1.    An estimate, often itemized, of expected income and expense for a given period in the future.

2.    A plan of operations based on such an estimate.

3.    An itemized allotment of funds, time, etc., for a given period.

4.    The total sum of money set aside or needed for a purpose: the construction budget.

5.    A limited stock or supply of something: his budget of goodwill.

This is the definition I found for the word "Budget". 

Read the definition again and, maybe, even a third time. As I did this, it struck me that the total reason for a budget is so simple yet so often ignored. 

Why? Because it takes too much time to set up; because we don't like to see our finances set out in black and white; because sticking to a budget is so constricting; because budgeting causes us to "do without" things until there is money available to fulfill our "wants" and not our "needs". There must be other reasons to not have or stick to a budget; but, the ones listed above and any others you might think of are all bad reasons. 

Let's focus on some good reasons why having a budget is so vital to building solid financial habits. It may change our perception of following a budget completely and, maybe, even convince some of us to get busy working on a budget plan.

Preparing (and sticking to) a budget is an essential component of responsible money management.

Whether you just have a few bills, or you're responsible for paying all of your household expenses, understanding how much money you have and knowing where your money is spent is the first step toward achieving financial independence. Preparing and sticking to a budget becomes a way of life; a habit just like brushing your teeth. It's something you do almost automatically without a lot of thought as to why. 

When you travel, you wouldn't set out blindly. You would want to know the best route to get to your destination, the time it takes to get there and the number of miles you will be traveling. How do you arrive at all this information? By plotting your route on a map and following that route with few, if any, detours. 

If you think of a budget in the same sense, you are well on your way to building a solid financial future.  

A budget is your financial roadmap that will eventually take you to where you want to be - maybe it's saving for a new home or a new vehicle; maybe it's learning to save money on a regular basis; maybe it's a tool to keep you on track of your finances. Your budget is the foundation for good financial habits that will help you avoid the problems and pitfalls that will probably arise without a structured plan.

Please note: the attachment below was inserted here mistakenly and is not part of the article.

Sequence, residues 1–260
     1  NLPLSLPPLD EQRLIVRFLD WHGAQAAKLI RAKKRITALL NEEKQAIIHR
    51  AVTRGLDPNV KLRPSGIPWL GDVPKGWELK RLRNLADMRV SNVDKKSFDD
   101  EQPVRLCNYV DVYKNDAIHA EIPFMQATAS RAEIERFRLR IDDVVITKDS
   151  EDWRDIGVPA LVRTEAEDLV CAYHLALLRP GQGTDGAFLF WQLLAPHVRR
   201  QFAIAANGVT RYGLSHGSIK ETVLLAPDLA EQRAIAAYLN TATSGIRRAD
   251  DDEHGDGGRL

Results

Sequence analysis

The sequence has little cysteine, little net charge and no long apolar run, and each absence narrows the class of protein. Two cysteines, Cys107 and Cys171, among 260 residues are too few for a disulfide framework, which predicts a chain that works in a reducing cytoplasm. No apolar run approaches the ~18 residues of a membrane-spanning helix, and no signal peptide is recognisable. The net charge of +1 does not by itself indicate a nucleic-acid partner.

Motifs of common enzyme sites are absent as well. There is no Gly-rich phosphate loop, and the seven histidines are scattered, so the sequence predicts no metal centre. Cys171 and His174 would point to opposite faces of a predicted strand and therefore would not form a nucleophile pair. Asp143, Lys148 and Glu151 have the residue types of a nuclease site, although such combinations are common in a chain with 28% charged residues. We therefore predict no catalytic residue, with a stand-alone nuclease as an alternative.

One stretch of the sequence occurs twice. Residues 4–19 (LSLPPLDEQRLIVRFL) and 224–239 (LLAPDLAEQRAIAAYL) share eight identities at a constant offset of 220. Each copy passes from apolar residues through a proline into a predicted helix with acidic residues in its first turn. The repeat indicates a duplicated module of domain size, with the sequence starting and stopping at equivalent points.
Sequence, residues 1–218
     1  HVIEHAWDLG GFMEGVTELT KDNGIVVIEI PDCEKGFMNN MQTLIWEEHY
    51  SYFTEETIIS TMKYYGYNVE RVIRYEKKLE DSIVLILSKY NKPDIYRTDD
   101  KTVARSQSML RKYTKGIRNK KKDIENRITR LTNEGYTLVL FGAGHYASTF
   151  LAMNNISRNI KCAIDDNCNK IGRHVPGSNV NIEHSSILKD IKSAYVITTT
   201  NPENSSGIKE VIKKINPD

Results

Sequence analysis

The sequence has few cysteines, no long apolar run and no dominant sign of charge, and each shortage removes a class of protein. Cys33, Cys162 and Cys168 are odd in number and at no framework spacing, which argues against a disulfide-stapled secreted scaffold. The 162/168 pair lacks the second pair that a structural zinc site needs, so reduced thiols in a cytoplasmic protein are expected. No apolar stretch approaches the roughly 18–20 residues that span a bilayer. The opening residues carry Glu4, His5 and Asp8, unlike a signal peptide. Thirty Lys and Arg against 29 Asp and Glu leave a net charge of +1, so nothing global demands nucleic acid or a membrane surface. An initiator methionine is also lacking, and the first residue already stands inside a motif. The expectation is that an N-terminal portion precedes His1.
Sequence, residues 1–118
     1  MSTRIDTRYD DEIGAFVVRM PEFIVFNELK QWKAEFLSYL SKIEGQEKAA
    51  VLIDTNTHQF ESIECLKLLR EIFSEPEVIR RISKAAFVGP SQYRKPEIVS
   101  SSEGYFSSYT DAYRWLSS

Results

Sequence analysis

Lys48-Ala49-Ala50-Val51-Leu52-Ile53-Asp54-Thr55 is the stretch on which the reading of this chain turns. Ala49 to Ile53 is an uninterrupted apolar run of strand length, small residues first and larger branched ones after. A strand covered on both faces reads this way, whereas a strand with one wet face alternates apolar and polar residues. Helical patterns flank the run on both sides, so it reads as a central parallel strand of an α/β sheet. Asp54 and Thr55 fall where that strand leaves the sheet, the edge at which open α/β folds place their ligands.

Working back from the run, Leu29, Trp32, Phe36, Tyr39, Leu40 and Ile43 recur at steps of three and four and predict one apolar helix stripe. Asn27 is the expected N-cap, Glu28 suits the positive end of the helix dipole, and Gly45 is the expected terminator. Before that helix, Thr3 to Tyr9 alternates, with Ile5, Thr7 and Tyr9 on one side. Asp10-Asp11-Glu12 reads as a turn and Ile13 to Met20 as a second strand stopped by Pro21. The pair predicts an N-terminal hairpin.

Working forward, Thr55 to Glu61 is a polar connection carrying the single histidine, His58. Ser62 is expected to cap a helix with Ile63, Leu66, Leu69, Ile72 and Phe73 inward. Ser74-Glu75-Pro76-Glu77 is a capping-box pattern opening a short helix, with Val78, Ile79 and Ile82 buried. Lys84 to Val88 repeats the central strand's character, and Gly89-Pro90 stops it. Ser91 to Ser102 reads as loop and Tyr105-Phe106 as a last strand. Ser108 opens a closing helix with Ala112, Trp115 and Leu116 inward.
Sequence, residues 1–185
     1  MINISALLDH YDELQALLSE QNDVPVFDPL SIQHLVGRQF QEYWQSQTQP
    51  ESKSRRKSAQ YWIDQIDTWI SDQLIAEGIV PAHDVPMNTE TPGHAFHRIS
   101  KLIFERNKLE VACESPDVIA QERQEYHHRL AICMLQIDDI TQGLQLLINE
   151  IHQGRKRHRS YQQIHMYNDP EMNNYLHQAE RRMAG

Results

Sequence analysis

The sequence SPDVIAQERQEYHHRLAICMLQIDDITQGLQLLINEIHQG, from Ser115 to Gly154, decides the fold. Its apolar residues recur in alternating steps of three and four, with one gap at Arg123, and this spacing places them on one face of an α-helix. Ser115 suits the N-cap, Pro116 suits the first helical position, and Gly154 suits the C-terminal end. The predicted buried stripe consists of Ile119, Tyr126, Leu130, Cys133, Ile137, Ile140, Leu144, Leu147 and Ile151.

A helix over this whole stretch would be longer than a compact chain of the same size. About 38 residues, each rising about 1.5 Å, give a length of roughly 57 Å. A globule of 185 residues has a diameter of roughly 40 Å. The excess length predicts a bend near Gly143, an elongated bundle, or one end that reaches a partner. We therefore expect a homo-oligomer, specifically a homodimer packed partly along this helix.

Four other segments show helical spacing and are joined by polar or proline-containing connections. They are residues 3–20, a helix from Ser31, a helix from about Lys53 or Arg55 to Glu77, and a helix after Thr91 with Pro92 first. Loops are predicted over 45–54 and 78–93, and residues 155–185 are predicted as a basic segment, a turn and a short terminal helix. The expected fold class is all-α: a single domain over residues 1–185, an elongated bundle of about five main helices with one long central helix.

Getting started setting up a budget is probably the most difficult part of the whole thing. 

Start with keeping track of where your money is being spent. Take your last few bank statements, credit card statements, pay stubs and any receipts you may have for one month. The idea is to get a really good idea of your monthly expenses, savings and take-home pay. Then you can begin to fill in the holes by estimating how much money you spend on discretionary items such as food, clothing and entertainment.

If you are very fortunate, after you've adding up your expenses and subtracted the sum from your monthly take-home pay - you'll have some money left over. Good news! This is money that you can begin to save or invest.

If you're like many people however, you'll begin to understand why you can never quite make ends meet. Don't despair! Before you can solve a problem you first need to recognize it, and that is precisely what you've done in making your budget.

Now you need to begin strategizing about how you can get your financial situation on the right track. 

  • You may need to cut expenses like having a cell phone package with fewer minutes if you aren't using up all the ones on your current plan.
  • You may need to think of ways to increase your income - a second job, selling on EBay, tutoring, babysitting, turning your hobby into a business, making adjustments to your withholding taxes so that your net pay is increased?
  • You may need to find a way to manage your debt more effectively. For instance, if you get paid biweekly, take the "extra" paychecks you receive on months that have five Fridays and apply them towards your debt payments.

Evaluating your spending habits by developing a budget makes you think about your relationship with money. Like any relationship, to grow healthy and strong you must tend to it diligently. The basis of your money relationship starts with a budget, and with proper care, develops into financial well-being.

If you aren't convinced that a budget is good for your financial health, I will leave you with something that has stuck with me since a high school Economics class (do they still teach that?):

Did you know? You will never achieve financial independence if your spend all your money.

 Kimberly Johns, Debt Management Plan Customer with Leading Provider of Debt Relief, CareOne Services, Inc. Kimberly Johns

Kimberly is enrolled on the CareOne Debt Management Plan (DMP). Kimberly is very active in the Community Forums, some of you may recognize her Community user name; Tiquie. Recently retired, Kim shares how she and her husband manage the financial challenges of living on a fixed income in their home state of Illinois. The John's have found some really creative and fun ways to offset the limitations of a retirement income. Kimberly generously shares smart and tested tips in her A Straight Talk on Debt blog! Compensated Blogger for CareOne Debt Relief Services.